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By David Adams in Havana @dadams7308
Almost 50 years after the Rolling Stones recorded Jumpin’ Jack Flash, the British band opened a historic concert in Havana with their early 1968 hit.
The song, containing the lyrics “it’s all right now,” was an appropriate way to kick off the free outdoor event in front of a massive crowd of hundreds of thousands of cheering fans in a sprawling sports complex.
Cubans have waited decades for a concert of this magnitude, in part because the Stones music was effectively banned until the 1980s by Cuba’s government which considered rock to be an “ideological deviation.”
The next song rammed home the point: "It's Only Rock 'n Roll (But I Like It)."
Many in the crowd, most of who were born long after the Stones shot to fame, were acutely aware of the enormous significance of the evening, sure to go down in the annals of stadium rock history.
The concert capped off an extraordinary week in Cuba which also saw Barack Obama become the first sitting president to visit the communist-run island.
“There are a lot of messages in the music tonight,” said Llilena Diaz, a 30-year-old theater director’s assistant. “It’s like a present to our parents and grandparents who weren’t allowed to listen to this music. We younger Cubans haven’t lived what they lived. This is for them.”
On a cool breezy evening under a near full moon, 72-year-old Mick Jagger - energetic as ever on stage - transported the fans back in time on a surreal journey through the bands discography.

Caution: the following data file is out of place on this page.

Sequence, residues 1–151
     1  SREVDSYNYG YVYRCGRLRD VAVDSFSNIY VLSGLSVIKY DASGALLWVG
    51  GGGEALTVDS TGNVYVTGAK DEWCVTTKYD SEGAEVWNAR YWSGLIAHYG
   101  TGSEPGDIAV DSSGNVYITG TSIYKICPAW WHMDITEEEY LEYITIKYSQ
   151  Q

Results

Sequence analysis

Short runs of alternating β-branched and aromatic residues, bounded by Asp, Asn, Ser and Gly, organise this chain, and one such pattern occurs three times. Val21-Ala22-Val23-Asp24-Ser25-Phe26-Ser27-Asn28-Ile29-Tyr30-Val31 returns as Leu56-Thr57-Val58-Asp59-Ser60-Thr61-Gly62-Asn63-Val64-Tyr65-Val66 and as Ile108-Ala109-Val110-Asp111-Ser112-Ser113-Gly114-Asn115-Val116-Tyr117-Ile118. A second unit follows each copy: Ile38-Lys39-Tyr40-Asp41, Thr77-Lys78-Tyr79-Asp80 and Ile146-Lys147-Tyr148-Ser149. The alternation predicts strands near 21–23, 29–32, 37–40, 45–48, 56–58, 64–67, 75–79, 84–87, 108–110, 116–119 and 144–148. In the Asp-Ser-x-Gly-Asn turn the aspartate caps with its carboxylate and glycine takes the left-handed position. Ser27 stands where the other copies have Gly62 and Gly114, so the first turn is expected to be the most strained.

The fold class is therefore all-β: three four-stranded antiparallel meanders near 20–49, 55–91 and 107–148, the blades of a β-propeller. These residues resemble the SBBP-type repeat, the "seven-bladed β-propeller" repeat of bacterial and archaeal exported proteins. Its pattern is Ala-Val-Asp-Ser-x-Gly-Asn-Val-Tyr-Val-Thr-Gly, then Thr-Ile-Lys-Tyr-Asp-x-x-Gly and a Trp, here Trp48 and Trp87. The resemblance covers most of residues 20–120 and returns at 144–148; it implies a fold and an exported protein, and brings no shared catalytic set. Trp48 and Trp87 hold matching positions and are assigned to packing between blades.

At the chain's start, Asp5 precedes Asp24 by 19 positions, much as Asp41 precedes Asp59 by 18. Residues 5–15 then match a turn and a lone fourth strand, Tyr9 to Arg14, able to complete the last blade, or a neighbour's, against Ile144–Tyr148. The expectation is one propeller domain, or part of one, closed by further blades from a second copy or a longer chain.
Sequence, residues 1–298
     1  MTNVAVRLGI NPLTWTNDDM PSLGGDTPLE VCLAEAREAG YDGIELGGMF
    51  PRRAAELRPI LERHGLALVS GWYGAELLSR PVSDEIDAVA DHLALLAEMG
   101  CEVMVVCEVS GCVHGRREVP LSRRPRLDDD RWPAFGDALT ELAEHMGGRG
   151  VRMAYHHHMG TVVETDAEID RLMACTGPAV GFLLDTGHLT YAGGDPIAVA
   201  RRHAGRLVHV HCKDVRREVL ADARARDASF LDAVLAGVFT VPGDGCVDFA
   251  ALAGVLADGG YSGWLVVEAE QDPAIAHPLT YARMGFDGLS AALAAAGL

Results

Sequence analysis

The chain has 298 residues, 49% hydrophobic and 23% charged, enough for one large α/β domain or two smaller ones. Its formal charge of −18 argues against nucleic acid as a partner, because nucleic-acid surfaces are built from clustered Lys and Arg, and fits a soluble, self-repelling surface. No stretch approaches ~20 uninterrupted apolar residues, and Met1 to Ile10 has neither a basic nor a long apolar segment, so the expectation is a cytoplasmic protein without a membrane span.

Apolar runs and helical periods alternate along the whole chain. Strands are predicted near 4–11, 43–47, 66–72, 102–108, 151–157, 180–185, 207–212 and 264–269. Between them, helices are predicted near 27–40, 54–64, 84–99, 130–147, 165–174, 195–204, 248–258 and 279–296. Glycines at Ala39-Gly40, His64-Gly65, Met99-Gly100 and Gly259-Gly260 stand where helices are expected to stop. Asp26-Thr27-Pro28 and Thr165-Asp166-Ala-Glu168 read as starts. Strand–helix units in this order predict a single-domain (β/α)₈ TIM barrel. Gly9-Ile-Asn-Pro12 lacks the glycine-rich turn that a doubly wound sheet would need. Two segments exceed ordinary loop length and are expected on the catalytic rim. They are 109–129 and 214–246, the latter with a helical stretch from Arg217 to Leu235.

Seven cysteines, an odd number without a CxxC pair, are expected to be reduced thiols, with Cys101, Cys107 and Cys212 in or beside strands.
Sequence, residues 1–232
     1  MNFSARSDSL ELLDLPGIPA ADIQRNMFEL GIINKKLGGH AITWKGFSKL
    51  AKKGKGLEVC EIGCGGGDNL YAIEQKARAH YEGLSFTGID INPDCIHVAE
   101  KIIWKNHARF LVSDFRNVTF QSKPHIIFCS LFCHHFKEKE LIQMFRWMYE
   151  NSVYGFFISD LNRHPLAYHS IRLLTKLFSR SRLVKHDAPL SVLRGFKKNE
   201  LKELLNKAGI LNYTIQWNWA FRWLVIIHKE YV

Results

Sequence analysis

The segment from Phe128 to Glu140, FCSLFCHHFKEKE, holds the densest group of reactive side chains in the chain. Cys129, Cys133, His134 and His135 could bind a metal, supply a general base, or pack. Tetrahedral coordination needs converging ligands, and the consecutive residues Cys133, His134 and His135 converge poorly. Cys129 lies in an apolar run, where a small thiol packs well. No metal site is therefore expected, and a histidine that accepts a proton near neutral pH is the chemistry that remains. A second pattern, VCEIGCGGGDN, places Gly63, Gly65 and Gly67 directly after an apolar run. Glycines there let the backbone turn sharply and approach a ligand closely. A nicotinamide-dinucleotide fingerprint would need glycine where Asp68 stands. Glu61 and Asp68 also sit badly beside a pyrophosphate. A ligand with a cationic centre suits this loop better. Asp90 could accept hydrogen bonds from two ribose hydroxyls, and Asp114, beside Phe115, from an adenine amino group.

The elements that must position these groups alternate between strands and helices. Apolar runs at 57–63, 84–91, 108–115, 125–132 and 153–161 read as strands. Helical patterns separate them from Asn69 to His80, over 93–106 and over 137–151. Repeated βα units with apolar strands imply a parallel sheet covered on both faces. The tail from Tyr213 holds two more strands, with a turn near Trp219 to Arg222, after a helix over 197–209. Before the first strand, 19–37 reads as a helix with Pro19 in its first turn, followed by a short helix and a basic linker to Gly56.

Jagger peppered the lineup of 18 songs with some comments in Spanish, much to the enjoyment of fans.
“Here we are finally. We are sure this will be an unforgettable night,” he said before moving into Tumbling Dice, released in 1972.
“ Times are changing”
Later, in his clearest political reference of the evening, he told the crowd : “We know that years back it was hard to hear our music in Cuba, but here we are playing … I feel times are changing in Cuba.”
The orderly crowd stood mostly in awe, some dancing and waving British and Cuban flags, snapping photos and videos with their cellphones. While no official estimate was available for the crowd size, Reuters reported that Cuban state media estimated half a million people could fit in the venue, which was nearly full.
“This is marvelous. They are just as good as when they young,” said Alfredo Arias, a 69-year-old Ministry of Health fumigator, holding his arms in the air making the V for victory sign with fingers on both hands.
“I listened to the Rolling Stones growing up, even when it was forbidden. We fought for this day,” he added, saying he hoped it would open the door to other bands. “Mick I love you,” he shouted as Jagger launched into the band’s encore: ‘ (I Can't Get No) Satisfaction,’ from 1965.
“It’s magical,” said Amaury Perez, 62, a famous Cuban singer-songwriter who said he saw the Stones perform in Spain as a young man in 1976. “How could I ever have imagined that 40 years later they would still be performing and I would still be alive to witness it, here in my Havana.”